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My Grandmother, my mentor. Best friend and therapy....Baby Bella.

Pillow given to me by client at Standing Ovations.

One of my hospital stays

Profile of me

I clinched this pocket card in my hand from my first doctors appointment, to every medical procedure and surgery. It was part of me and 3 times it was thrown into the hospital laundry and found by a nurse in my hospital gown. I still take it with me to every medical appointment..

2011 I climbed to the top of the Duomo, Florence Italy (465 cold clammy cave- like steps)

Famous “shoe chair” decorated my shop for 13 years and was finally donated to Women’s Community fund raiser.


My business, Standing Ovations - 13 years!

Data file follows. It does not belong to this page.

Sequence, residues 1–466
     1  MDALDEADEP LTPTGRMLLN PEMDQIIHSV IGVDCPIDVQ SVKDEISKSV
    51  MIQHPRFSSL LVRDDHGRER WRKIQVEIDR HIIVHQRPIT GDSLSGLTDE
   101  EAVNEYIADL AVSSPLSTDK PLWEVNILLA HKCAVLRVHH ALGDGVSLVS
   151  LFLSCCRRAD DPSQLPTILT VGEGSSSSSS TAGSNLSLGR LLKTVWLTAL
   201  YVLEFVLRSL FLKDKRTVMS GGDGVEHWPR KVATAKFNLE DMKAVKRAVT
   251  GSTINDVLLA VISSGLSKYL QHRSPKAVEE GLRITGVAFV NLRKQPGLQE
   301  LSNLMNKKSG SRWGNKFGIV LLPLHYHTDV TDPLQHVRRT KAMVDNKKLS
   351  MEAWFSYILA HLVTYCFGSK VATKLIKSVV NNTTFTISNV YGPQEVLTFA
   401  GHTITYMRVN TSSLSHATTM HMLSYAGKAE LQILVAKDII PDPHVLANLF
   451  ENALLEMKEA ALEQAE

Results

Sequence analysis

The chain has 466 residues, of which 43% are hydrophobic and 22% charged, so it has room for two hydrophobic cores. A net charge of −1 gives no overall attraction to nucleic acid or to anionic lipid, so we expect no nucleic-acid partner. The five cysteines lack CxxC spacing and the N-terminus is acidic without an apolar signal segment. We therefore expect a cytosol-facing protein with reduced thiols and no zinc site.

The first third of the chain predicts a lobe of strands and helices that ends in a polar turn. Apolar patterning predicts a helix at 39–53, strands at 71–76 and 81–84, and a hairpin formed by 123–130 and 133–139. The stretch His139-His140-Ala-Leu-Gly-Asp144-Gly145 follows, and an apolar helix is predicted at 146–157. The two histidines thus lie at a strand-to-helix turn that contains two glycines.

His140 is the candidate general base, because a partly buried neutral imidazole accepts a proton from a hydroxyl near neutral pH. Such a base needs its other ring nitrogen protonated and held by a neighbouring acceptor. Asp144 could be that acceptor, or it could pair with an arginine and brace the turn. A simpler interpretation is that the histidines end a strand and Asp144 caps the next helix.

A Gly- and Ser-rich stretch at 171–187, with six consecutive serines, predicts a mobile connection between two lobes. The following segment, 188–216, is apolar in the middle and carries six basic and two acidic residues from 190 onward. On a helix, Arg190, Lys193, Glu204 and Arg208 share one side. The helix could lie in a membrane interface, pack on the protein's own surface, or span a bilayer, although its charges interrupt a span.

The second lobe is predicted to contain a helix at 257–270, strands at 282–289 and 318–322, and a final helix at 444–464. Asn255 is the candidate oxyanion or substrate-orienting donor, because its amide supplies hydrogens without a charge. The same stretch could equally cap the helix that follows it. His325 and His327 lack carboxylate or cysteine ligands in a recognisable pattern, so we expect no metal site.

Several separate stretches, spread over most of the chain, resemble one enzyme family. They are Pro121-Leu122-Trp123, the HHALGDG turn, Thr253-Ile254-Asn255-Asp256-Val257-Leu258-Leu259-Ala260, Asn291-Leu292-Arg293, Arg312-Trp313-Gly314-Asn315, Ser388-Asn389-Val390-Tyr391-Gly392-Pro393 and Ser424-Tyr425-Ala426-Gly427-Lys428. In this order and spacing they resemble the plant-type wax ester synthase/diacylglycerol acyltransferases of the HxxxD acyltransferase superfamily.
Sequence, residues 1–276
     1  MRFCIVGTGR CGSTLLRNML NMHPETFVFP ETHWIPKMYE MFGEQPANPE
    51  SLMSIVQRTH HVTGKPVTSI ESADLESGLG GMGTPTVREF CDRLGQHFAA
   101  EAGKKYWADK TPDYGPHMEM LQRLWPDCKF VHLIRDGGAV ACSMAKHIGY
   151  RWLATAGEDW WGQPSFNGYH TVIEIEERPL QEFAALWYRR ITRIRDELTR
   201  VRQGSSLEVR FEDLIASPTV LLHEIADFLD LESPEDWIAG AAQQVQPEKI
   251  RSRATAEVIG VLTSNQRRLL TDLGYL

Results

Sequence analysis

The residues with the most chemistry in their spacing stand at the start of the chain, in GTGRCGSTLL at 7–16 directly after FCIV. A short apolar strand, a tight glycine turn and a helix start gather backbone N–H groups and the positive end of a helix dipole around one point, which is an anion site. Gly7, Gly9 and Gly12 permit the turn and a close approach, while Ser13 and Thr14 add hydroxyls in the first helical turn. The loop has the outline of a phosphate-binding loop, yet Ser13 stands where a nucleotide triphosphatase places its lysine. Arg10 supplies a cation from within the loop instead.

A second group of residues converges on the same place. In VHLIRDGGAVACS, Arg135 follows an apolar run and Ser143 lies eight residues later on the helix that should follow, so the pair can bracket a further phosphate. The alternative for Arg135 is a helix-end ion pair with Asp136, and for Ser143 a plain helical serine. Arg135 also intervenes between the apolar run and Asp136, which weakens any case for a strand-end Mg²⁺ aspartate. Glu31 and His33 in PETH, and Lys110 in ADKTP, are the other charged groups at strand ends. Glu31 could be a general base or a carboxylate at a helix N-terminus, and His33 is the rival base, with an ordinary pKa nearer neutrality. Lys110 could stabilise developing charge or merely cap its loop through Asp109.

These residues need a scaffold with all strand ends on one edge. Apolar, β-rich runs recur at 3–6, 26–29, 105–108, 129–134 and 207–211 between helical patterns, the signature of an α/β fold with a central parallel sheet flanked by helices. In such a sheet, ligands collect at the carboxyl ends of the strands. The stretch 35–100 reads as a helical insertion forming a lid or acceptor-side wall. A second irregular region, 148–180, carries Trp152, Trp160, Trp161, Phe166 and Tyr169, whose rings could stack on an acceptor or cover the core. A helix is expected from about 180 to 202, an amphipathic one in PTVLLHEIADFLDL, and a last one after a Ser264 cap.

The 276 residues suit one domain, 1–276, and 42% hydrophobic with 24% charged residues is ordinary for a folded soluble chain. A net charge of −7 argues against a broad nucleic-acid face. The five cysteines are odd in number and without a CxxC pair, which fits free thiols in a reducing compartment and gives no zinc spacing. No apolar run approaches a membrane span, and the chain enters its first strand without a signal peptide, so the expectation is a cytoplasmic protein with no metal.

On a beautiful August morning in the summer of 2000, I left my home to go to a doctor appointment before work. I had just returned from my Grandmother’s 100th birthday celebration in San Diego, and knew the exhaustion of the trip plus previous symptoms needed to be addressed. Almost immediately, tests and vitals revealed that I was not going on to work, but return home, pack a bag and go to the hospital. My primary physician did not know what was wrong, but she told me that it could be serious and that it was fortunate I survived my trip to California without incident. That same day, after a series of labs, additional tests and three blood transfusions, the doctor came to my hospital bedside to inform me that I had late Stage III Colon Cancer. In the blurriness of his voice, the only word I really heard was CANCER. In an instant, my mind reflected the healthy girl I had been all my life. I had never been hospitalized other than for the birth of my two children, had never been sick, took no prescriptions, and seldom required aspirin for pain. How could I have cancer? I recall not breaking down and not even crying at my news. I do recall a spiritual presence of strength, peace and calm overtaking my mind and being. I didn’t know what battle I was facing, but I wasn’t going to give in or give up. I put my trust in my physician, who just happened to be on call, but above all, I placed myself in the care of Jesus. I felt calm assurance that no matter what I was facing, I would be alright. My life-changing diagnosis revealed a plan of radiation three times a week, a 24 hour porta pack of chemotherapy to be placed into my chest, additional blood transfusions, more hospital stays and ulti-